Rest of 2019 Lions Draft set to contribute in 2021 – The Oakland Press
The Detroit Lions will need a lot to put together a winning team, let alone a .500 team, this coming season.
Stepping into the 2021 campaign, there’s no doubt the Lions lack depth on both sides of the ball.
New Detroit GM Brad Holmes has made a concerted effort this offseason to build up some areas of the roster, like along the defensive line, via the additions of veteran Michael Brockers and 2021 draft picks Levi Onwuzurike and Alim. McNeill.
Yet just as Rome was not built in a day, neither will the Lions be.
Holmes & Co. has only entered the initial phase of a multi-year reconstruction.
Going forward, in order for Detroit to have a chance at consistently winning games in 2021, it must receive production from players who were brought to Motor City by the failed Bob Quinn-Matt Patricia regime.
That means receiving consistent production from the 2019 Lions Draft Class, a group of players whose organization hasn’t reaped a ton of benefits so far.
For starters, of the nine-player class, only five players make their way to training camp at the end of the month: first round TJ Hockenson, second round Jahlani Tavai, third round Will Harris, fourth round Austin Bryant. and the fifth -the round Amani Oruwariye.
Sixth-round picks Travis Fulgham (now with the Philadelphia Eagles) and Ty Johnson (now with the New York Jets), as well as seventh-round picks Isaac Nauta (now with the Green Bay Packers) and PJ Johnson ( currently a free agent) have all since left the organization.
Of course, it’s positive that the Lions still own each of their draft picks from the first five rounds of the 2019 Draft. However, that doesn’t mean that each of those players has been a significant contributor to the team.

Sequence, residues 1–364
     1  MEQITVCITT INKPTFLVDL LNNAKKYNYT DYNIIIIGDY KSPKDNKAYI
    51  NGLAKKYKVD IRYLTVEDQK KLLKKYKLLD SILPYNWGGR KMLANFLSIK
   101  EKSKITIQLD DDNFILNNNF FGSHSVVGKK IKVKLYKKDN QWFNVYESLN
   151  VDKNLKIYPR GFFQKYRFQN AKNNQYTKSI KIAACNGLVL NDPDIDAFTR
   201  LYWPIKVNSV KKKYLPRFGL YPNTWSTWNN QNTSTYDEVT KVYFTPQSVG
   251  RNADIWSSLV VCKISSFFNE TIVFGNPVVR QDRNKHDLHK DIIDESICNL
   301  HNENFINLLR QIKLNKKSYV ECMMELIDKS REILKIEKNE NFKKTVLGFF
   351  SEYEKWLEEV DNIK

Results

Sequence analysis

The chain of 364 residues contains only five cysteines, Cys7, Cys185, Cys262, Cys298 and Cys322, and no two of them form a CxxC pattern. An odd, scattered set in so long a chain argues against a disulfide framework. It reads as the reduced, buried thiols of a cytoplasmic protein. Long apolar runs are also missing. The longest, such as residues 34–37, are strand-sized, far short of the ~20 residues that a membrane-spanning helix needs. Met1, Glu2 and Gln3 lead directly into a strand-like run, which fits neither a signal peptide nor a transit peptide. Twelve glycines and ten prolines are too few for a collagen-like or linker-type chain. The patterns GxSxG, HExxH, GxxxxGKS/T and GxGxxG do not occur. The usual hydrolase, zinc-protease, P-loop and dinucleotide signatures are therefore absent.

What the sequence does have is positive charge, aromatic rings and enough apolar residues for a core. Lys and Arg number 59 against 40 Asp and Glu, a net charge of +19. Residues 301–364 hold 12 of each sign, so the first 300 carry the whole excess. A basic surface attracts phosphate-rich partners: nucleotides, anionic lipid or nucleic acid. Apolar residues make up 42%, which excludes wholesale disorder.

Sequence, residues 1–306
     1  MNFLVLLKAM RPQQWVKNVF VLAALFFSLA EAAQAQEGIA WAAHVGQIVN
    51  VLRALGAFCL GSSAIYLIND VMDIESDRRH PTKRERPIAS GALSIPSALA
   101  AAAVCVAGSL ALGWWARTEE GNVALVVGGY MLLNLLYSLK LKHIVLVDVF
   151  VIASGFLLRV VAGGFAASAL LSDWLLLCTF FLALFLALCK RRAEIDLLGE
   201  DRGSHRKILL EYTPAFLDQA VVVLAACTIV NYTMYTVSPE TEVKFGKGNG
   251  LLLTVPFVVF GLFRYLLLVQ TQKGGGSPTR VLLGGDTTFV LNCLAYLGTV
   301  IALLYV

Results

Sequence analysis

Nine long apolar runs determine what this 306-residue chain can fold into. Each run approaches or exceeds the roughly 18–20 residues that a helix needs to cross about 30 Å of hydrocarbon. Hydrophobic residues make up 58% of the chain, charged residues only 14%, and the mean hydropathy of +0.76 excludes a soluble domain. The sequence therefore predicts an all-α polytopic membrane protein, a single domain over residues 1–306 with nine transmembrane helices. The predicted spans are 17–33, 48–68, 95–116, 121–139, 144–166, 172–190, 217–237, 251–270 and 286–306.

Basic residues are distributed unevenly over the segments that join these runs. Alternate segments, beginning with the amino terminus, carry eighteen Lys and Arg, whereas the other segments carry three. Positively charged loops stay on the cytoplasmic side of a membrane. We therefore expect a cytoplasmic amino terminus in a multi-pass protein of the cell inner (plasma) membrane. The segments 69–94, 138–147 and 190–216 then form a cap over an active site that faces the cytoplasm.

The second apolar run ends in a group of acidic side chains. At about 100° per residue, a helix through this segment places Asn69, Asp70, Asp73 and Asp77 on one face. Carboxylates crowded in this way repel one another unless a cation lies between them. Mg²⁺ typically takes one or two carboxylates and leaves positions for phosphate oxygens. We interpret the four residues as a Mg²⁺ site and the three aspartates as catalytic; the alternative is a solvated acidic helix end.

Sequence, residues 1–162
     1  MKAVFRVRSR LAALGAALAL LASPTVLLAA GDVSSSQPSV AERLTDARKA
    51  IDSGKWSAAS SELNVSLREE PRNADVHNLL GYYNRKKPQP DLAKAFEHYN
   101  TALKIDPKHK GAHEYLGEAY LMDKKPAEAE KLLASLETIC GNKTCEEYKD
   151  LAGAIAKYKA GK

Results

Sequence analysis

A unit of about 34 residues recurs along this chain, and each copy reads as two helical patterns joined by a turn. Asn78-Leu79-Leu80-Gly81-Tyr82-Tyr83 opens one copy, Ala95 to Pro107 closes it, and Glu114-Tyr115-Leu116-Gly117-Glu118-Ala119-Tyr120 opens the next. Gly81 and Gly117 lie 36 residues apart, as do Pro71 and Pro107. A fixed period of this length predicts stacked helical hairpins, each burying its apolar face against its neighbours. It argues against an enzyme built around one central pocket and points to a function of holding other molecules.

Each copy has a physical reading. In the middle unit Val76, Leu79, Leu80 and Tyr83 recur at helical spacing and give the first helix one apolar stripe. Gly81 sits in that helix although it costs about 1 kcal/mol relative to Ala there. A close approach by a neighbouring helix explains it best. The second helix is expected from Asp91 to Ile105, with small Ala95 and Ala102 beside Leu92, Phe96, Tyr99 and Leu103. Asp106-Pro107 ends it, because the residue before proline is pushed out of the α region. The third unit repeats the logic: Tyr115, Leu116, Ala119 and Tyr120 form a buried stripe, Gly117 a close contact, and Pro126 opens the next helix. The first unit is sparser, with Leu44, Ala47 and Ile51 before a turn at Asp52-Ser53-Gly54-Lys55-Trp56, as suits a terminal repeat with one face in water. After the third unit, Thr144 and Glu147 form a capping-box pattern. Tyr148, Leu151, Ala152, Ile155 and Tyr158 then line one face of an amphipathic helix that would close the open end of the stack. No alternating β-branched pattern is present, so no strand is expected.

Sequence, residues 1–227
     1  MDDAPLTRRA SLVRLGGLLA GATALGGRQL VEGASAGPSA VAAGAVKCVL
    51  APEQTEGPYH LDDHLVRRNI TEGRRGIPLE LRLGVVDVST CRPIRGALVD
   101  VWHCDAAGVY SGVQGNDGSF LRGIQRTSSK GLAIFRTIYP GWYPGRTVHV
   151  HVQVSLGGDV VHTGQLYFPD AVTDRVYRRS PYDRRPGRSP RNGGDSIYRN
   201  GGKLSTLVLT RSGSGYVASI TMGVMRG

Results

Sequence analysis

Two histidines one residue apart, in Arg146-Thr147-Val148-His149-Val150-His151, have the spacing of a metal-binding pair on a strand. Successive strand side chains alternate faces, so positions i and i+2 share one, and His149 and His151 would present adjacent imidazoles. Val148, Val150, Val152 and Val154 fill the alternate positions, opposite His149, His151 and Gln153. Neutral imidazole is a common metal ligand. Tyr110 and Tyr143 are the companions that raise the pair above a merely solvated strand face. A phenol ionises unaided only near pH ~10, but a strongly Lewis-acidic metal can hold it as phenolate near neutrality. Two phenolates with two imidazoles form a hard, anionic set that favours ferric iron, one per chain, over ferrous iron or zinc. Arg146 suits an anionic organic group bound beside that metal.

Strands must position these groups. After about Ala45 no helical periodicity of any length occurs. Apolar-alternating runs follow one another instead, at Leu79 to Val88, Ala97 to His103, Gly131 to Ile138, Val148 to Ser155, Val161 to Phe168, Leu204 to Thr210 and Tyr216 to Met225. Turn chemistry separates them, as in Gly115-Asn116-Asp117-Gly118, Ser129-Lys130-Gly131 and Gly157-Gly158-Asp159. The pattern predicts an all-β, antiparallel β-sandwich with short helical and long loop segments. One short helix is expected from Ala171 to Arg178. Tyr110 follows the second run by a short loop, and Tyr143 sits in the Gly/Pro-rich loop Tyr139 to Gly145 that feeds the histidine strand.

In fact, the only two class members who have been close to regular contributors are Hockenson and Oruwariye.
Hockenson, by far the best player in the field, made his first career trip to the Pro Bowl a season ago and has become one of the best tight ends in the league.
Meanwhile, Oruwariye, while not as reliable as a defensive performer as Hockenson was as a wide receiver, has certainly surpassed the rest of the class.
The rest of the still-existing members of the class – Tavai, Harris and Bryant – have struggled to post consistent numbers since entering the league.
Tavai, who was considered a litter when Quinn took him to No.43 overall, has been called by fans and pundits – and almost unanimously – as a ‘bust’ project, with little or no no success in passing coverage and as a run defender. He may only have one chance to prove his worth to the new regime, led by Holmes and head coach Dan Campbell, before he decides to part ways with him.
Bryant, meanwhile, struggled to stay on the pitch due to the injury bug. He has only played 10 games, recording only one start, since joining the organization.
As for Harris, he has shown signs of potential, especially in his rookie campaign, and he has a strong chance of starting at one of the squad’s two safety points to open Season 21.
It goes without saying that the Lions’ pick number in 2019 has largely been a disappointing group of players, minus Hockenson and, to some extent, Oruwariye.
With the current lackluster state of the Detroit roster, there’s no better time than now for the aforementioned collection of players to come back to life.
This article was produced by the staff of Sports Illustrated / All Lions. To learn more, visit si.com/nfl/lions